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Cable News Note: From Tulsa to the NFL, cable keeps failing

This week began with the 100th anniversary of the Tulsa massacre, a moment in American history that has been whited out. Last year, after George Floyd was killed and Donald Trump planned his first campaign rally after the lockdowns in Tulsa, Oklahoma on the weekend of Juneteenth, I read Michele Norris’s commentary in the Washington Post, “The Diabolical Irony of Trump in Tulsa.” On Twitter, I read how an NPR Morning Edition host did not know that history. That week, when I was at MSNBC, I pitched the story (and guest) to the senior producers. I thought they would consider it especially because Donald Trump was involved, so they could frame the segment around him, as they always try to do because that is what they think rates the best. I felt like the senior staff on my show ignored the topic.


Exacerbated, I pleaded with Phil Griffin, then President of MSNBC, during a video meeting for the network to do more. As BLM protests were growing throughout the nation, discussion of that lost history could have helped explain the deep-seeded anger some expressed in the streets. He responded if they couldn't cover that topic under those circumstances, then that was "sad." Last year, Joy Reid hosted to feature a segment discussing that American tragedy but I couldn't find it anywhere else on the network. That was sad. From my perspective, MSNBC missed an important opportunity to foster or start a healing dialogue, which struck me as especially ironic since they present themselves as an outlet with a reputation for “leaning forward.”


This year, coverage of the Tulsa massacre was much more prevalent in all media but the emphasis again returned to politics rather than historical context and recovery. Cable news leapt to discussions about Voting Rights and the ongoing political battles in places like Texas (not unworthy, but not at the expense of other productive conversations). What we needed to hear were victims and families who never received justice. As a human, I wonder how that feels, to endure such symbolic violence. No one was prosecuted for the massacre and no one was compensated for the financial losses. As a journalist, that would have been an obvious discussion to facilitate, however cable news neglected their duty, yet again. I can't help but still expect more from my former colleagues at MSNBC.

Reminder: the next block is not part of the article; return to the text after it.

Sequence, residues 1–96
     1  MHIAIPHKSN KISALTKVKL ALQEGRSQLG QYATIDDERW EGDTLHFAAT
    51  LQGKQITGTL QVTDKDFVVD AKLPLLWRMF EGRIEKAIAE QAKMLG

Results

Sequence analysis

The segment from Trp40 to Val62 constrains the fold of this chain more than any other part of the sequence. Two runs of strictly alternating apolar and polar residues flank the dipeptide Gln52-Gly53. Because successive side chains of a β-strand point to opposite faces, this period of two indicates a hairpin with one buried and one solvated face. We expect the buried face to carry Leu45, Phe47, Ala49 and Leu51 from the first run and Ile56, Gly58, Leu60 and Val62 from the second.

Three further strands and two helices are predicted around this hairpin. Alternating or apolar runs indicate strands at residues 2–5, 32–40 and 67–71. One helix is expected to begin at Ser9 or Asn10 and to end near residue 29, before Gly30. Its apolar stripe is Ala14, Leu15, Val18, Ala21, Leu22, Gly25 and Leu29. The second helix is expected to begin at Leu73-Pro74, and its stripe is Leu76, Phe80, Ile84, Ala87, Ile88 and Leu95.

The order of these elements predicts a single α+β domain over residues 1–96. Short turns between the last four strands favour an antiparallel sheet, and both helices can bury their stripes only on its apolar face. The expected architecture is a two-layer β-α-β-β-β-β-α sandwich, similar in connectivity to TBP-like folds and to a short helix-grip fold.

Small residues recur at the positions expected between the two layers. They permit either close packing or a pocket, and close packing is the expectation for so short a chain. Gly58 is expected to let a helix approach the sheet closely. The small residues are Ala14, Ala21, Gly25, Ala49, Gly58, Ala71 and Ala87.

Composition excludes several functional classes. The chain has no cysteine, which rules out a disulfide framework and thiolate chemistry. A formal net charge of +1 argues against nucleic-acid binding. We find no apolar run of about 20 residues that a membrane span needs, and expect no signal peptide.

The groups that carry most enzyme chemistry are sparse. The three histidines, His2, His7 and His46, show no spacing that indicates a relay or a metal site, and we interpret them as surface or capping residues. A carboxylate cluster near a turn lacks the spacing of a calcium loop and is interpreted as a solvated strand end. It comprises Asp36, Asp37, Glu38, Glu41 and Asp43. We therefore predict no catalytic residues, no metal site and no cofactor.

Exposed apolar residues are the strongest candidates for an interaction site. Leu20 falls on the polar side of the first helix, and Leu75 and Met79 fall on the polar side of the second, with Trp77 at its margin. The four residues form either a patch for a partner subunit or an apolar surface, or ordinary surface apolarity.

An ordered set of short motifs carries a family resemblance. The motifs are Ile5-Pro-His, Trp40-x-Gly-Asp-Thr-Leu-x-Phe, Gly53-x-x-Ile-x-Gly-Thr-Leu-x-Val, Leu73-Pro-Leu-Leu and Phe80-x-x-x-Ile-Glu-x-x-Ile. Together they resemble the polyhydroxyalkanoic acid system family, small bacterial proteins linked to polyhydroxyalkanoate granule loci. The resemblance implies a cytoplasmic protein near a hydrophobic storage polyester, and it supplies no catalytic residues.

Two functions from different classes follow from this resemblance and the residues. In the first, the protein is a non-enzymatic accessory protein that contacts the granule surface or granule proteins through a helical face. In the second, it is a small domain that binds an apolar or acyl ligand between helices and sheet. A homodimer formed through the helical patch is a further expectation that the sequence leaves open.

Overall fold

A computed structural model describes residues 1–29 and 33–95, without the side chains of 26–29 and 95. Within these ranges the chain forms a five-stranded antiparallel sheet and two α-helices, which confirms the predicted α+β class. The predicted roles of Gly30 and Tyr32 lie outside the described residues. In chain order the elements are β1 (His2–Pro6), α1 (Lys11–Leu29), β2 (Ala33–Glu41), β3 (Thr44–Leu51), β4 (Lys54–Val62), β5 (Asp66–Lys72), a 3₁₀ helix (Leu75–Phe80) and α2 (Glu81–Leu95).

To its credit, CNN produced a documentary about the Tulsa Massacre, which it aired last weekend (though, not during the week when audiences are larger). On Tuesday, most of CNN’s coverage focused on Joe Biden’s visit to the city -- certainly noteworthy, but again focused on politics.


Since we're on the subject, we could have learned more this week about other massacres African Americans suffered but have not been taught in schools or discussed in broadcast media. This piece in the Washington Post spotlights several violent attacks against Black Americans. I wonder when cable news will get around to discussing those tragedies. What are they waiting for?


Current racism ignored


As it is, I can hear some of my former colleagues groaning. Maybe they would argue that’s not their job. They focus on news and politics, not history. Maybe they would say that there were other more important stories to cover this week. Unfortunately, I counter-argue the 24-hour networks have the luxury of time. Certainly, they could have foregone one of the hourly segments about GOP dysfunction to allow some room for crucial historical context. But they didn’t, mostly. Likewise, they could have dedicated time to a new story released this week, one of the ugliest examples of systemic discrimination we’ve witnessed recently. But guess what? They mostly didn’t. And for the life of me, I can’t understand why.


The AP reported: “The NFL on Wednesday pledged to halt the use of ‘race-norming’ — which assumed Black players started out with lower cognitive function — in the $1 billion settlement of brain injury claims and review past scores for any potential race bias. The practice made it harder for Black retirees to show a deficit and qualify for an award.”